How Will AI Change the Future of SEO?
Artificial intelligence (AI) is penetrating every department of every industry, from automating factory work to improving areas previously thought untouchable by machines (like human resources). But as a veteran in the online marketing world, I can’t help but let my imagination wander on how AI and machine learning are going to impact the world of search engine optimization (SEO)—the strategies organizations use to rank higher in search engine results pages (SERPs).
Already, we’re seeing the beginnings of a full-scale AI revolution in SEO, and search marketers are scrambling to keep pace with the changes. But what will the next few years bring? What about the next decade?
The Big Picture
We say “search engines,” but most of the time, we’re talking about Google. Bing, Yahoo!, DuckDuckGo, and other engines only share a fraction of the search user base, and most of their systems are modeled after Google’s in the first place. So our big question is, how is Google going to incorporate AI in the future to change how search works for the average user?
Historically, Google has updated its algorithms with two primary goals in mind:
- Improve user experience. Google wants users to find the answers they’re looking for, and receive accurate, valuable content. This is an important category, and a complicated one; to achieve this, Google not only has to perfect how its search engine functions, but also how it finds, organizes, and evaluates the quality of content on the web.
- Keep users on Google. Google makes money when people use it, and stay on the platform as long as possible. We’ll see why that’s important in a future section.
Google is already making use of machine learning in a few different ways, and it’s only a matter of time before it advances.
RankBrain and Machine Learning
First, let’s consider RankBrain, a machine learning-based upgrade to Google’s Hummingbird algorithm, which launched in 2015. The Hummingbird update, from 2013, originally rolled out “semantic search” capabilities. It was designed to evaluate the context of user queries, rather than the exact contents; rather than prioritizing exact match keywords, Hummingbird allowed Google to consider synonyms, related phrases, and more. This was a step in the right direction, because it meant users could find better results, and search optimizers could no longer get away with keyword stuffing.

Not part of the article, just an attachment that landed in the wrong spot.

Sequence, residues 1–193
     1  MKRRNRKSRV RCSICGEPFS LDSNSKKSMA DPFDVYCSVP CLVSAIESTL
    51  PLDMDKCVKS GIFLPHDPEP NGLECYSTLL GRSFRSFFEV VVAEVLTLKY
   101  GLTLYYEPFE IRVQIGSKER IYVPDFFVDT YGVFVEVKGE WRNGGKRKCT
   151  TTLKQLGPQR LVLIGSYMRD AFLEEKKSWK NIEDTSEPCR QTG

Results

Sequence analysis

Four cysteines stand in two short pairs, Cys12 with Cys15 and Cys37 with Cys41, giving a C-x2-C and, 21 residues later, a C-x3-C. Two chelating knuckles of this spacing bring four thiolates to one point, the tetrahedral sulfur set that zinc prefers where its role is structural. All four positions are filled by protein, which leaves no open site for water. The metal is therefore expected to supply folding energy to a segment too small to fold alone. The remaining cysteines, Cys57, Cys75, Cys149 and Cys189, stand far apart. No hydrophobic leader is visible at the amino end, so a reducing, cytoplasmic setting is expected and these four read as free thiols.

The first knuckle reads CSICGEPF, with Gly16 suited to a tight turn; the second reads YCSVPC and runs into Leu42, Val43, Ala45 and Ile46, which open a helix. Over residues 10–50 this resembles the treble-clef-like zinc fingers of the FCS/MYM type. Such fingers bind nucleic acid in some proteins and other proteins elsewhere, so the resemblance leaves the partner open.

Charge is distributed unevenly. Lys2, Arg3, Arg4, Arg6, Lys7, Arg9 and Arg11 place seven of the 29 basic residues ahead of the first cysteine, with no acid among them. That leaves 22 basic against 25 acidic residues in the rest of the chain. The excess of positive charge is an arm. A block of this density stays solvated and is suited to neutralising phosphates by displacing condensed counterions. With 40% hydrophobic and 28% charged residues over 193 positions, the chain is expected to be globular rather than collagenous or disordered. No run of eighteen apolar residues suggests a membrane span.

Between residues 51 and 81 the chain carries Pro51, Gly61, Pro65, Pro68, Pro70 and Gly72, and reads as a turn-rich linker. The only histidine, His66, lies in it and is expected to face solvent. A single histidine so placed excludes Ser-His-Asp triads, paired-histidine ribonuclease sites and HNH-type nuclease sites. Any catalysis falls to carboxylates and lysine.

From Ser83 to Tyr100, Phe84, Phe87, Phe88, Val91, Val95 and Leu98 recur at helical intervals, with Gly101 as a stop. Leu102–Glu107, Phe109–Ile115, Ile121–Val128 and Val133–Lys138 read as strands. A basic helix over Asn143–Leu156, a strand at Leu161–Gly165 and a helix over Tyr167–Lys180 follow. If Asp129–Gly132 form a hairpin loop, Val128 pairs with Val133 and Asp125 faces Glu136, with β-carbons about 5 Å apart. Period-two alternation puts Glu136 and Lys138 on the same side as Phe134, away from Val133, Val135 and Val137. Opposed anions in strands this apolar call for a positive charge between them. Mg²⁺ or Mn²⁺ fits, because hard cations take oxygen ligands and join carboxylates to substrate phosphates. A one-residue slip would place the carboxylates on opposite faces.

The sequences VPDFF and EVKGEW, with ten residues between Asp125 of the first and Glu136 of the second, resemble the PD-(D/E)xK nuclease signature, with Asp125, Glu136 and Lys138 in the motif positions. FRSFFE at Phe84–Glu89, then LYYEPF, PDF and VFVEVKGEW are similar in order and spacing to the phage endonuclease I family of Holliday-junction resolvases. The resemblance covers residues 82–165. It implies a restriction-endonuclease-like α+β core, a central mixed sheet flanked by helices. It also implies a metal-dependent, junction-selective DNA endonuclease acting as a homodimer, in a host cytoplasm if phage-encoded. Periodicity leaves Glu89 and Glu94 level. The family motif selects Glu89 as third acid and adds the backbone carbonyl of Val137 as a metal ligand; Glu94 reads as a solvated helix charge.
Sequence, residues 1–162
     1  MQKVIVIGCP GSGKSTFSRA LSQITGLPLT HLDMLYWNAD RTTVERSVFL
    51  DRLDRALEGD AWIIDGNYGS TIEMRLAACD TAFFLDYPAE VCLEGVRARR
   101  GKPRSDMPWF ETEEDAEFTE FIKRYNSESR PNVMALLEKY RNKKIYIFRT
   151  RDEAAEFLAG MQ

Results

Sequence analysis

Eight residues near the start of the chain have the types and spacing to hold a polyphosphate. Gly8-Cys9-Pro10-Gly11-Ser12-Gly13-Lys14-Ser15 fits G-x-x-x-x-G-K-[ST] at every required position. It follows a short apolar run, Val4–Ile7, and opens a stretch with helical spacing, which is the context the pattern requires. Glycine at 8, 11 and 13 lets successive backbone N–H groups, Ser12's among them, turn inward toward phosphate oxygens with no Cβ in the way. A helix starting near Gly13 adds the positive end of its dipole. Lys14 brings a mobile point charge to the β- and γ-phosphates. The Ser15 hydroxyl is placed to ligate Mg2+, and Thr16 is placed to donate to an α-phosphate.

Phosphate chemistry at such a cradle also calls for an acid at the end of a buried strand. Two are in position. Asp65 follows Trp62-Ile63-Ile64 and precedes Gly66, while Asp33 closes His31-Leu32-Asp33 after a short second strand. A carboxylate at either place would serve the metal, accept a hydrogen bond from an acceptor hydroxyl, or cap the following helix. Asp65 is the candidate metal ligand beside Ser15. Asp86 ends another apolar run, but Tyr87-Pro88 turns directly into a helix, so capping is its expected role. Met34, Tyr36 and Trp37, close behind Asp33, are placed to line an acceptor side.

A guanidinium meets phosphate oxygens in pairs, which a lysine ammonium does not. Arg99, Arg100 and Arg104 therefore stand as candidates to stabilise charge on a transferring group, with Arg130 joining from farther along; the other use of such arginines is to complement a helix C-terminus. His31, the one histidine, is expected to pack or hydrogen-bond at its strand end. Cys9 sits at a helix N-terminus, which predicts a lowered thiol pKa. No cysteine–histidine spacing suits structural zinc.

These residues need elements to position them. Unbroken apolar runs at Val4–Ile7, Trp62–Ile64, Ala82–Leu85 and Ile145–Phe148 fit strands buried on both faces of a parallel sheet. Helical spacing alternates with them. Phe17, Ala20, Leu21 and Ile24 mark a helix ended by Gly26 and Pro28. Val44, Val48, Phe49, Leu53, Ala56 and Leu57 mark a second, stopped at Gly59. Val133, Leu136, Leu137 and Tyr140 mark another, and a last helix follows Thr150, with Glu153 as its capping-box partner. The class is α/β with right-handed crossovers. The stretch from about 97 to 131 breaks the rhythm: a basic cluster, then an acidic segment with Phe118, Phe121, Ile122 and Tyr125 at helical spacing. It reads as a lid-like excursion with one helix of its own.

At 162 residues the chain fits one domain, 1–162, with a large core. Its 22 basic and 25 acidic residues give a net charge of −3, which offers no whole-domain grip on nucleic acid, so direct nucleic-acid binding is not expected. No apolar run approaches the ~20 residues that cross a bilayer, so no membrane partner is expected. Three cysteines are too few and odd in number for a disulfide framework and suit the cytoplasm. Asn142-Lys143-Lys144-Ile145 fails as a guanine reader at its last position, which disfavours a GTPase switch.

RankBrain was a modification that allowed Google to study massive quantities of user search data and automatically improve its interpretation of user phrases. It was primarily focused on long, convoluted, or hard-to-understand phrases, ultimately reducing them down to a length and simplicity level the algorithm could more easily handle. It’s been self-updating and improving ever since.
This is an important indication of how search will evolve in the future; I’m guessing that rather than seeing manual update after manual update, we’ll see more algorithm changes designed to self-update based on machine learning insights. This is much faster and less costly than having humans doing all the work.
Content Quality and Link Quality
I suspect we’ll also see major AI advancements applied to better understand the quality of the content and links produced by search optimizers.
Links and content are the focal points of most SEO strategies. Google studies links to calculate domain- and page-level authority (or trustworthiness); generally, the more links a site has pointed to it, and the better those links are, the higher it’s going to rank. Similarly, better-written, more relevant content tends to rise in SERP rankings—and appeal to web users. Better content and better links mean you’ll end up with a higher return on investment (ROI) for your SEO strategy.
Over the years, Google has gotten better at analyzing the quality of content and links from websites; search marketers have evolved from trying to trick Google’s algorithm to simply trying to produce their best possible work.